Commonwealth v. Lavin

Decision Date23 June 2022
Docket Numbers. 18-P-1652 & 18-P-1653.
Citation101 Mass.App.Ct. 278,191 N.E.3d 293
Parties COMMONWEALTH v. Timothy M. LAVIN (and ten companion cases ).
CourtAppeals Court of Massachusetts

Justin Drechsler, Cambridge, for Timothy M. Lavin.

MarySita Miles, Boston, for Nicholas Desiderio.

Nathaniel R. Beaudoin, Assistant District Attorney, for the Commonwealth.

Present: Meade, Rubin, Wolohojian, Sacks, & Ditkoff, JJ.2

SACKS, J.

The defendants, Timothy M. Lavin and Nicholas Desiderio, appeal from convictions, after a Superior Court jury trial, of armed home invasion, G. L. c. 265, § 18C ; and three counts each of armed and masked robbery, G. L. c. 265, § 17. Lavin also appeals from convictions of unlawfully carrying a firearm, G. L. c. 269, § 10 (a ), as an armed career criminal, G. L. c. 269, § 10G (c ) ; unlawful possession of ammunition, G. L. c. 269, § 10 (h ) (1), as an armed career criminal; and operating a motor vehicle after a suspension, G. L. c. 90, § 23, and from the order denying their motion for a new trial. The trial judge failed to instruct the jury that the Commonwealth had to prove that Desiderio, the alleged driver of the getaway car, knew that his coventurers were armed and masked. Applying the Supreme Judicial Court's decision in Commonwealth v. Silvelo, 486 Mass. 13, 154 N.E.3d 904 (2020), we conclude that this omission created a substantial risk of a miscarriage of justice, because the evidence against Desiderio, although sufficient, was not " ‘so overwhelming’ that ‘there is no likelihood that the omitted instruction materially influenced the jury's verdict[ ].’ " Id. at 18, 154 N.E.3d 904, quoting Commonwealth v. Lutskov, 480 Mass. 575, 581, 106 N.E.3d 632 (2018).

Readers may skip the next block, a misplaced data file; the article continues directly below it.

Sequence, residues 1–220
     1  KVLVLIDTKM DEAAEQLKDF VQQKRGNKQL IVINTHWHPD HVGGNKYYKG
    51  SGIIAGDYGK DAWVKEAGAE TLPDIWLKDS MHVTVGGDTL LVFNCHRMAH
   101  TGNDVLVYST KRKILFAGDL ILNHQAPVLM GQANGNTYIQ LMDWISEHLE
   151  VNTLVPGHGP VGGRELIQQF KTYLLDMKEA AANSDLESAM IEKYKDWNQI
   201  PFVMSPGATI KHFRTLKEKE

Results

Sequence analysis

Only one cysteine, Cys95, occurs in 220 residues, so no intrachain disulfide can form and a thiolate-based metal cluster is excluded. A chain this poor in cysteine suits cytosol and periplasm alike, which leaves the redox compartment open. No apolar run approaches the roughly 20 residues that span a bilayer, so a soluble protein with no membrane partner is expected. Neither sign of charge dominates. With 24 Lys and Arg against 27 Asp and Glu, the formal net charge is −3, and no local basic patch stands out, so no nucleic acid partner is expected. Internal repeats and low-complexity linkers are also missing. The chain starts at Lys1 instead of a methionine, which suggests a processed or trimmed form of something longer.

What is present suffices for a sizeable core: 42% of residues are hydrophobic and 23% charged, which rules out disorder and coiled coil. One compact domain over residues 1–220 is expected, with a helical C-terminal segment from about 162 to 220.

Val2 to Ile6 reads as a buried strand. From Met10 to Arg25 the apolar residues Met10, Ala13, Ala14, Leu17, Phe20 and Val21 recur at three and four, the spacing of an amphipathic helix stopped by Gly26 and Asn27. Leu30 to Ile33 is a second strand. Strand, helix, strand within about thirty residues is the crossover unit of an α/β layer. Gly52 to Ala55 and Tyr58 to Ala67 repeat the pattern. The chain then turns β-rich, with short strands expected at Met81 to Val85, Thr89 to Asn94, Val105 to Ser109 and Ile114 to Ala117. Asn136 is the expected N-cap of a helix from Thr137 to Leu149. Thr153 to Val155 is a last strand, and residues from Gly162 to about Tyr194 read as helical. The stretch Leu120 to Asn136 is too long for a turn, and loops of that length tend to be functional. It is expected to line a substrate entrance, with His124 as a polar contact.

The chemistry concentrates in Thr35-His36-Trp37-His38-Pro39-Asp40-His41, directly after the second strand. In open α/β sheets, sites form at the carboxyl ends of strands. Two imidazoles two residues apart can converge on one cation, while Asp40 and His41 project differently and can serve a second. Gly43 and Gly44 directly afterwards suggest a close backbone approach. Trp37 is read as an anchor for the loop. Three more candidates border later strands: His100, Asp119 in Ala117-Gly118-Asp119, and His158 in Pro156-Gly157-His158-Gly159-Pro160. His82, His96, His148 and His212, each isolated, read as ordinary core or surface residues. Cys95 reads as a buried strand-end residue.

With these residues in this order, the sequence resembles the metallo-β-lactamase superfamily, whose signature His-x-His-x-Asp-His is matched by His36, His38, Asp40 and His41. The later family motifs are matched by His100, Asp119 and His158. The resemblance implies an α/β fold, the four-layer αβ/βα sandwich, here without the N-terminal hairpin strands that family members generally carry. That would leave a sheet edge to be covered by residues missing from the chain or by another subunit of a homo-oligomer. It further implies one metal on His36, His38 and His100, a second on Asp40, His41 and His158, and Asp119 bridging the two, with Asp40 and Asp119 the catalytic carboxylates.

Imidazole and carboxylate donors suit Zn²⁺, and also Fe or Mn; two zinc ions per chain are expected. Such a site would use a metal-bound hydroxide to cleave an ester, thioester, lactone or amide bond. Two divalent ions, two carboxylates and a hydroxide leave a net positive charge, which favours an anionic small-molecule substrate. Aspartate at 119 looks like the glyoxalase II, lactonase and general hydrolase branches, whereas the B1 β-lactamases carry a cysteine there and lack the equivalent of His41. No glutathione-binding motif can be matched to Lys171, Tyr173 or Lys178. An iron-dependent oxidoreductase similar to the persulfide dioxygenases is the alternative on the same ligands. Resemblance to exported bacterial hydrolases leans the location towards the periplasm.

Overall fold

We further conclude that the judge who considered the defendantsmotion for a new trial (this was a judge other than the trial judge) did not err in denying that motion, which sought inquiry of a juror, where a witness friendly to Lavin stated after trial that one of the jurors was an umpire in a softball league in which the witness and Lavin had played. We also conclude that the trial judge acted within his discretion in admitting a State trooper's testimony about cell site location information (CSLI) evidence, at least as the trooper qualified it. Finally, we conclude that the trial judge properly denied the defendants’ various motions to suppress evidence obtained from searches conducted pursuant to search warrants of Lavin's home and for both defendants’ CSLI data. We affirm Lavin's convictions. As to Desiderio, because of the instructional error, we vacate the judgment of conviction of home invasion and set aside the verdict; we reduce his three convictions of armed robbery to unarmed robbery and remand for resentencing on those convictions.